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What to do if the US dollar stays stronger for longer

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With the US dollar projected to maintain its strength well into 2025, investors should be looking to ‘dollar-proof’ their portfolios, but what does that mean exactly?

The US economy continues to be extremely resilient, as underscored by strong inflation and labor market, meaning the Federal Reserve is less likely to cut rates this year. This prospect of possibly no rate cuts at all this year – when six were priced in at the beginning of the year – by the US central bank, has taken the dollar to new highs.

​Why does a strong dollar matter?

Whether you like it or not, a strong dollar has far-reaching implications for investors around the world. Import-dependent economies contend with escalating costs, while export-oriented sectors thrive on enhanced competitiveness.

​Many emerging markets face increased debt burdens when the U.S. dollar strengthens. As their local currencies depreciate, the cost of servicing dollar-denominated debt rises, straining government finances and corporate balance sheets. This phenomenon exacerbates economic vulnerabilities, leading to potential liquidity crises and hindering growth prospects in emerging economies.

​Additionally, capital inflows into U.S. markets bolster asset prices, reinforcing the dollar’s influence on the global financial landscape. In this environment, strategies should be in place for ‘dollar-proofing’ investments.

What to do about a strong dollar this year

​Consider investing in assets that have a direct correlation with the US dollar, such as commodities priced in dollars or U.S. Treasury bonds. These assets tend to perform well during periods of dollar strength.

​Look for exchange-traded funds (ETFs) that offer currency-hedged exposure to international markets. These ETFs use hedging techniques to minimize the impact of currency movements on investment returns, allowing investors to maintain exposure to global markets without bearing the full brunt of currency volatility.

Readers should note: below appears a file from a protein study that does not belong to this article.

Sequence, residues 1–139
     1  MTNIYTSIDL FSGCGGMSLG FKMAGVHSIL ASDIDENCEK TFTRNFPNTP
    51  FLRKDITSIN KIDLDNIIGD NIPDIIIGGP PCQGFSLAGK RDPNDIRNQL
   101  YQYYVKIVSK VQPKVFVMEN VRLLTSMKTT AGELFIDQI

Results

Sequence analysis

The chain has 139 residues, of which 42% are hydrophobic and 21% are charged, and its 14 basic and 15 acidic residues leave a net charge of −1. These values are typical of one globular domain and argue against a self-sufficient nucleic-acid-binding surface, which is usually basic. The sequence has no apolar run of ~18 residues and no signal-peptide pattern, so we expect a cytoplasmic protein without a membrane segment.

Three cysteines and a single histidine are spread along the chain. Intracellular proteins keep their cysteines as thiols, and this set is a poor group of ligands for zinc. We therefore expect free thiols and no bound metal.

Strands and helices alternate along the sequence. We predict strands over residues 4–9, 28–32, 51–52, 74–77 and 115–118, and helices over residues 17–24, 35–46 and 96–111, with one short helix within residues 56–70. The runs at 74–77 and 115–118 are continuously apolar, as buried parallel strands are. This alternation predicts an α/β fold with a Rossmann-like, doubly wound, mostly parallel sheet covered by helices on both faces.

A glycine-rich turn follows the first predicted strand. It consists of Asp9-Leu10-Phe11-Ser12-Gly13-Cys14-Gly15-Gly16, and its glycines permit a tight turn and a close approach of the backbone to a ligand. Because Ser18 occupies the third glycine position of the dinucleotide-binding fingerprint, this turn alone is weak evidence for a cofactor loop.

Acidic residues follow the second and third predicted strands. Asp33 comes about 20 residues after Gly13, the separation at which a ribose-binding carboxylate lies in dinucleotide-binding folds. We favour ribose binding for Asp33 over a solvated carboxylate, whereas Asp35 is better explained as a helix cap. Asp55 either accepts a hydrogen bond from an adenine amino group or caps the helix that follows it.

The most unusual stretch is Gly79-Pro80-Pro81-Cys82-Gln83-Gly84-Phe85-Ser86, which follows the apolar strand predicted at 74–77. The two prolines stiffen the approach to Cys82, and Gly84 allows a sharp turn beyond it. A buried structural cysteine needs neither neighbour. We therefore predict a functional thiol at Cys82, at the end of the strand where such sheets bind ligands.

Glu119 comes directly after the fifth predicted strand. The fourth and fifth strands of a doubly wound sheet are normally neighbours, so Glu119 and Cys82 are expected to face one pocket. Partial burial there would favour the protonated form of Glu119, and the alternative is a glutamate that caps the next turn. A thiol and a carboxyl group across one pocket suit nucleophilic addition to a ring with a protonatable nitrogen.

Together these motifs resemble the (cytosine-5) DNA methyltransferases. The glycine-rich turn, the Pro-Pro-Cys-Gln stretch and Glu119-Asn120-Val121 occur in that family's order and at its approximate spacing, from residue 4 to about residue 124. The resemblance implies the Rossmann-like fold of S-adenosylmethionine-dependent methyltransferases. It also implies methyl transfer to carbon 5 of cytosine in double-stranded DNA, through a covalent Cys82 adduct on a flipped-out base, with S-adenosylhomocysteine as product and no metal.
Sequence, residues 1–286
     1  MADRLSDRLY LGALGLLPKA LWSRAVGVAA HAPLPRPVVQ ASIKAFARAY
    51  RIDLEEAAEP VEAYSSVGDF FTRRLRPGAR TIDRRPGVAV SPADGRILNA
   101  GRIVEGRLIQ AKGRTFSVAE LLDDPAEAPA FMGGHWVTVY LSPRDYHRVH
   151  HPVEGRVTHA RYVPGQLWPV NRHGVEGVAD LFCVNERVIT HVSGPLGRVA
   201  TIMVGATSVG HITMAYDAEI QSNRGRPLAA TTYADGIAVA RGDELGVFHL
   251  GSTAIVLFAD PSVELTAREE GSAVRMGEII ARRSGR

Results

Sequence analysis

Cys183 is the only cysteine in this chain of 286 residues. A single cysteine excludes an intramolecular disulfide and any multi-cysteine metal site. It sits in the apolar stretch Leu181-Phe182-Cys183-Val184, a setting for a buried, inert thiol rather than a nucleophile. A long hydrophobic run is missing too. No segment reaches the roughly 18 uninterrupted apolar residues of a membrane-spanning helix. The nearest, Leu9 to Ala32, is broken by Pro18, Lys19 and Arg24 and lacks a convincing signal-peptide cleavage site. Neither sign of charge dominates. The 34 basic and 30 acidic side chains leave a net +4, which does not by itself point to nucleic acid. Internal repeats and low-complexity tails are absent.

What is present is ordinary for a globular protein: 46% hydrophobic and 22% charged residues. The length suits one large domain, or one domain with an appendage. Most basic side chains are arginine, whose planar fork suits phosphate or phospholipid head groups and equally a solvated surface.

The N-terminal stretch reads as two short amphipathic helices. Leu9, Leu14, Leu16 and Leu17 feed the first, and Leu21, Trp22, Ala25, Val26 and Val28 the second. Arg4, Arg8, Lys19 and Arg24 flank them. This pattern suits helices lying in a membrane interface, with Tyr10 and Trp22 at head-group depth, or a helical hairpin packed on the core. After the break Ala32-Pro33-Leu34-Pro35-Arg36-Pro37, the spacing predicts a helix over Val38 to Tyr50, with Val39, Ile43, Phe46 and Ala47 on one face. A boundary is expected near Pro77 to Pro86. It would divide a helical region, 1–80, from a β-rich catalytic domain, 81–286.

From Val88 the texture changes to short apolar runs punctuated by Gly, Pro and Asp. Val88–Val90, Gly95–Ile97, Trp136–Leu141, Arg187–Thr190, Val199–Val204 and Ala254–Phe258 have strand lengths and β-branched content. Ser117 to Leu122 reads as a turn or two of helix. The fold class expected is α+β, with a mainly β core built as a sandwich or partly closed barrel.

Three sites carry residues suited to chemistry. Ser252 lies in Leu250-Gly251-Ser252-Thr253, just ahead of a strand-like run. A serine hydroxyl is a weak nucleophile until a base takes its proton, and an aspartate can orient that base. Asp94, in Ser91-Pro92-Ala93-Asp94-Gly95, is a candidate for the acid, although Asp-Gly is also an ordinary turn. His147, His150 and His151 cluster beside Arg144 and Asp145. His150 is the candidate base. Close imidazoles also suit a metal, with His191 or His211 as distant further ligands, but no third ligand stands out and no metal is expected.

​Investors should also consider increasing capital exposure to sectors of the domestic US economy that are poised for growth, such as tech, healthcare, and consumer discretionary. These sectors tend to benefit from a strong dollar as they rely less on exports and more on domestic consumption, making them less susceptible to currency fluctuations.


Conversely, sectors with significant international exposure, such as industrials, could face headwinds from currency translation effects.

In addition, investing in real assets such as real estate or infrastructure projects that have intrinsic value and are less influenced by currency movements, could be beneficial. Real assets provide tangible benefits and can act as a hedge against currency depreciation, offering stability in a portfolio during periods of a robust dollar.

​Investors can strategically allocate their portfolios across sectors less vulnerable to currency fluctuations. These include technology stocks – known for resilience and global demand irrespective of currency movements – and healthcare stocks, which typically exhibit stability and global appeal, offering insulation against currency volatility.

​Managing a surprisingly strong US dollar requires strategic foresight and proactive measures to safeguard investment portfolios and build wealth.

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This article does not constitute investment advice. Make sure you do your own research or consult a professional advisor.

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